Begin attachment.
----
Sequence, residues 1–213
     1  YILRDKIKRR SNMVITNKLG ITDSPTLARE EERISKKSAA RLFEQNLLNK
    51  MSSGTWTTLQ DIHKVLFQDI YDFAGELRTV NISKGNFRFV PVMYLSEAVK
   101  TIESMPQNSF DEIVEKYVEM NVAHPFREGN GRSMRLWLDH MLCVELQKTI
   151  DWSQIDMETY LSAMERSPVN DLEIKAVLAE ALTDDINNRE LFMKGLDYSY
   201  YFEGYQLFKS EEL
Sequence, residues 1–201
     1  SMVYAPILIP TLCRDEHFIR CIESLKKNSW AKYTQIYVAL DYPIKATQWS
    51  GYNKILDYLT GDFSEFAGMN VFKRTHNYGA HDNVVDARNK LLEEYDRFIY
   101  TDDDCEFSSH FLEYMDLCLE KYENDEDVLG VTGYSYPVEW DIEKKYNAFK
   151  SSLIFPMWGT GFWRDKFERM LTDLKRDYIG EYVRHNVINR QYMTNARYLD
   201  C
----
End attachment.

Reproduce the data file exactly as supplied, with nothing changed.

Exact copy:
Sequence, residues 1–213
     1  YILRDKIKRR SNMVITNKLG ITDSPTLARE EERISKKSAA RLFEQNLLNK
    51  MSSGTWTTLQ DIHKVLFQDI YDFAGELRTV NISKGNFRFV PVMYLSEAVK
   101  TIESMPQNSF DEIVEKYVEM NVAHPFREGN GRSMRLWLDH MLCVELQKTI
   151  DWSQIDMETY LSAMERSPVN DLEIKAVLAE ALTDDINNRE LFMKGLDYSY
   201  YFEGYQLFKS EEL
Sequence, residues 1–201
     1  SMVYAPILIP TLCRDEHFIR CIESLKKNSW AKYTQIYVAL DYPIKATQWS
    51  GYNKILDYLT GDFSEFAGMN VFKRTHNYGA HDNVVDARNK LLEEYDRFIY
   101  TDDDCEFSSH FLEYMDLCLE KYENDEDVLG VTGYSYPVEW DIEKKYNAFK
   151  SSLIFPMWGT GFWRDKFERM LTDLKRDYIG EYVRHNVINR QYMTNARYLD
   201  C